‘Buns of Steel’ Instructor is a Witness for Fitness, and Jesus
Donna Richardson Joyner is what most people would refer to as a fitness guru. But she prefers a term a kid called her a few months back: “a cheerleader for Jesus.”
Even without the pom-poms, it’s a spot-on description of the seriously spirited 50-year-old who gained VHS fame as one of the Buns of Steel instructors, and eventually found that God had a greater plan for her toning talents.
Her mom, who would watch Joyner’s workouts with the sound off while playing gospel, had urged her for years to make a fitness video with Christian music. Joyner was uneasy about the idea until she led a “workout in worship” at a church in St. Louis, with the organ playing and the choir standing behind her.
“You know how runners get a runner’s high? We got a spiritual high,” says Joyner, who went back to her hotel, cried and settled on a new life’s mission.
It started with her first Sweating in the Spirit DVD, featuring her moves and musical performances by gospel artists Kirk Franklin, Yolanda Adams and Shirley Murdock. She later launched Body Gospel through Beach Body (the same company that hawks “P90X” and “Insanity”). In addition to workout DVDs — such as “Core Revelation,” which targets the abs and thighs — the package includes resistance bands and nutrition tips.
And now Joyner has written a book, with a little help from the Good Book. In Witness to Fitness: Pumped Up! Powered Up! All Things are Possible!, she provides a 28-day program that offers more than just what to eat and how to exercise.
“There’s scripture to keep you motivated and a song to keep you invigorated,” Joyner says, sounding a lot like the rhyming “Donnamite Sound Bites” sprinkled through the text. (“You need faith for this journey because life can be tough. But, honey, you’ve got God, who is more than enough!”)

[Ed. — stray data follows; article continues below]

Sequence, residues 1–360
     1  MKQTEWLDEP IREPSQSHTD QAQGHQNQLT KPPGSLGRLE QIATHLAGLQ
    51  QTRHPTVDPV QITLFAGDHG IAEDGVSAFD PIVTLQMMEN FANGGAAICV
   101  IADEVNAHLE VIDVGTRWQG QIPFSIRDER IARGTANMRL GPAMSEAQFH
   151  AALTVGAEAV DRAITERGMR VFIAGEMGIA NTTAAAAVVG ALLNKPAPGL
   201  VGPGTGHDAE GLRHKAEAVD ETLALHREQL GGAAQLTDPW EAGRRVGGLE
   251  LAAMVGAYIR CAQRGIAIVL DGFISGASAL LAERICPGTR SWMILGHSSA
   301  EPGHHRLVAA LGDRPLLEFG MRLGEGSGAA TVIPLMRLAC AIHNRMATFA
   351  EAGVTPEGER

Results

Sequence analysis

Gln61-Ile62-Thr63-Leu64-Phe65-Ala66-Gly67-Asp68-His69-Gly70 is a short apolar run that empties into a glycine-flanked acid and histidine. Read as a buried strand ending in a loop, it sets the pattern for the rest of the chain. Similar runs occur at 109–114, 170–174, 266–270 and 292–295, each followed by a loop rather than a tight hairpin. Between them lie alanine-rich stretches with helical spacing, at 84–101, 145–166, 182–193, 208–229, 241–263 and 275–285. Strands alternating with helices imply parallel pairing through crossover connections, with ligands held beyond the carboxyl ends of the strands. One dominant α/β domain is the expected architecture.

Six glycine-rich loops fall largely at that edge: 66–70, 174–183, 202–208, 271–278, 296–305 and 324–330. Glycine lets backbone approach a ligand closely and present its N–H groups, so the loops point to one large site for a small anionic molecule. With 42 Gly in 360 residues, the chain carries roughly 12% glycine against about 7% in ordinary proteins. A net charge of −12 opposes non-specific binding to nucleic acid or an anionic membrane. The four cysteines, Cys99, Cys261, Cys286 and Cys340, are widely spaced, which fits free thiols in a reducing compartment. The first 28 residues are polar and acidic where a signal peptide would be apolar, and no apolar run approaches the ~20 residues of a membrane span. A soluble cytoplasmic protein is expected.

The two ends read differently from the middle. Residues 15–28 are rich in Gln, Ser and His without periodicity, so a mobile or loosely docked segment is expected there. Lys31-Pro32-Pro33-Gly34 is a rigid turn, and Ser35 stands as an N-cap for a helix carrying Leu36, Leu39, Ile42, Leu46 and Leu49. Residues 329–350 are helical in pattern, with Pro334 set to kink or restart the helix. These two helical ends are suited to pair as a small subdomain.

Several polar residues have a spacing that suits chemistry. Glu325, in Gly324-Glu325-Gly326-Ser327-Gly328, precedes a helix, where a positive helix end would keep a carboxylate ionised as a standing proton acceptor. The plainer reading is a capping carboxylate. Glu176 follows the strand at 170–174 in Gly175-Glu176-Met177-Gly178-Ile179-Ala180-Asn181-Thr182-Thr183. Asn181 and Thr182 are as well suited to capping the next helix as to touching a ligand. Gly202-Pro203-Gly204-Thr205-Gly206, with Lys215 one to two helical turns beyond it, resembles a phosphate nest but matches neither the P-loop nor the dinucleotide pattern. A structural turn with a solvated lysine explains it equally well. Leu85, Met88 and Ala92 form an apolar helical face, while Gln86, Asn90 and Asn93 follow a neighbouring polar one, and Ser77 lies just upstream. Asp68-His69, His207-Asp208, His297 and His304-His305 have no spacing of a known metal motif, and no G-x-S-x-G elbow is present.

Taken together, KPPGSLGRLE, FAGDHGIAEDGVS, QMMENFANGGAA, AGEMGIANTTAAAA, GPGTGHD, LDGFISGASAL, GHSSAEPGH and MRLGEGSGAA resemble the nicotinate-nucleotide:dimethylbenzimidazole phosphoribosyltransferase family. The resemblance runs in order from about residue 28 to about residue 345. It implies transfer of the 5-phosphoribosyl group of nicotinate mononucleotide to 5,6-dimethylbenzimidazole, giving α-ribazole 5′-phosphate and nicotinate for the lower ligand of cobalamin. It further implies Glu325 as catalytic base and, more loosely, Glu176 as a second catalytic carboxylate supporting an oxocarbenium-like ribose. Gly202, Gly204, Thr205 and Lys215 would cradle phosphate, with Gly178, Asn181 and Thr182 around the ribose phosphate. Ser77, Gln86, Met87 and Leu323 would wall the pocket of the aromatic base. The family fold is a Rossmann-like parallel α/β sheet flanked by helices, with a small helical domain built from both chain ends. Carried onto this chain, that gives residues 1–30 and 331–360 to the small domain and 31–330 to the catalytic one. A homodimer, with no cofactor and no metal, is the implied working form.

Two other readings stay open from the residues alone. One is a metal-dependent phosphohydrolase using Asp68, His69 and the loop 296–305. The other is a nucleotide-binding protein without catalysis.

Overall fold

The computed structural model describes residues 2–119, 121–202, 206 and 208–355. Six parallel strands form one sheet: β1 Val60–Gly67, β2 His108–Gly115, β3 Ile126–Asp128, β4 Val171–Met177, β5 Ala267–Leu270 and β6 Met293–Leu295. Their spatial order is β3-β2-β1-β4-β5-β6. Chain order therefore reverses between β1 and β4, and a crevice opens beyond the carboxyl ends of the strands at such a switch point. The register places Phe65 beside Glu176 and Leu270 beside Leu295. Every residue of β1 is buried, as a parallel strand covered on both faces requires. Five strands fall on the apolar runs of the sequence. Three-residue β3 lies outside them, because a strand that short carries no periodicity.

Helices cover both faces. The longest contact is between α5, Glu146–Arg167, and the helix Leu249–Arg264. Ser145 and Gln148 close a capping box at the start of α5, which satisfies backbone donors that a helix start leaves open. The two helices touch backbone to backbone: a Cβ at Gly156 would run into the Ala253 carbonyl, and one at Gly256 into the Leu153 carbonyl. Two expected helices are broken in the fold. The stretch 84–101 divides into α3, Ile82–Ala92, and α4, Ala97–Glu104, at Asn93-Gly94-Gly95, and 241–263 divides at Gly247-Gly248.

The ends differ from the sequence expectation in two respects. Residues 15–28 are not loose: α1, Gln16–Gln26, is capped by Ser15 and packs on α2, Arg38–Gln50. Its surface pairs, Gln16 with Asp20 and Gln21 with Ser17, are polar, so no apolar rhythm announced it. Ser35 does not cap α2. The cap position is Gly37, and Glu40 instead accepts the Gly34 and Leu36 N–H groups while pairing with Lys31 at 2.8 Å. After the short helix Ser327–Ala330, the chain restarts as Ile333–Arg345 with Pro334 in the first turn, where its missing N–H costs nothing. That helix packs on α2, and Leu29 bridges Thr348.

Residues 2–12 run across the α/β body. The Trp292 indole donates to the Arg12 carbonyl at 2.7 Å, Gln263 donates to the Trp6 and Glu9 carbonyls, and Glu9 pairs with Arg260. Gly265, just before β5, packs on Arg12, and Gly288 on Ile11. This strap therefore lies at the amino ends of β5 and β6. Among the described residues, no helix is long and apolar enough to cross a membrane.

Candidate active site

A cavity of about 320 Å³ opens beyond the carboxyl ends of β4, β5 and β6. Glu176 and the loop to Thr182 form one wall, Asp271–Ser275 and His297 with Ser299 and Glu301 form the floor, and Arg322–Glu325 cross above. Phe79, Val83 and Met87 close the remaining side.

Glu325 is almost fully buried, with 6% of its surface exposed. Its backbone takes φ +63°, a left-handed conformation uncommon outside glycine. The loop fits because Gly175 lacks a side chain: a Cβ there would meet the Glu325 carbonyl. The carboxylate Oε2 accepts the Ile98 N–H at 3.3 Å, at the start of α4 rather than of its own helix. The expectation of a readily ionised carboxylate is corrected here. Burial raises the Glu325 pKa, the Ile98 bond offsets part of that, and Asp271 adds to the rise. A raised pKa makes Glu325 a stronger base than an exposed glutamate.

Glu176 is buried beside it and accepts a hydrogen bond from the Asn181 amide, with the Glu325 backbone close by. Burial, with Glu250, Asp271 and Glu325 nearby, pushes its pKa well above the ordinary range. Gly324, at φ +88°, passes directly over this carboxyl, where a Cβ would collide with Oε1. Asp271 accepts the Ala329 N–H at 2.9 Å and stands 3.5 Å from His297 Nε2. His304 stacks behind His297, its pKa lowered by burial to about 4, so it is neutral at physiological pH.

Every day also brings a testimonial from or about someone who has struggled with health challenges, financial hardships or another obstacle on the way to a better life. Reading these stories, Joyner explains, reminds you that you’re not on this journey alone. “Other people are climbing the same mountains,” she says.
That includes Joyner, who has taken on the role of a caregiver, first for her father-in-law and now for her dad. She says that although the experience has made her stronger, dealing with their dementia over the past six years has felt like a lot to bear. So on days when it’s hard to get out of bed, Joyner thinks about a woman named Joyce. When they met, Joyce was 38 and living in a nursing home because her 500-pound frame made daily tasks nearly impossible.
Now, 100 pounds lighter, Joyce is on her way to walking. That progress is an inspiration to Joyner, as well as a form of motivation. She says she can’t just lie there knowing that she has the power to do so much more when other people don’t.
Joyner also understands literal mountains, having recently hiked Mount Kilimanjaro to celebrate reaching a half-century. Preparing for that climb took a few months, but that’s nothing compared with the work that Joyner is putting in to reach her loftier goal of improving lives, particularly those of other African Americans.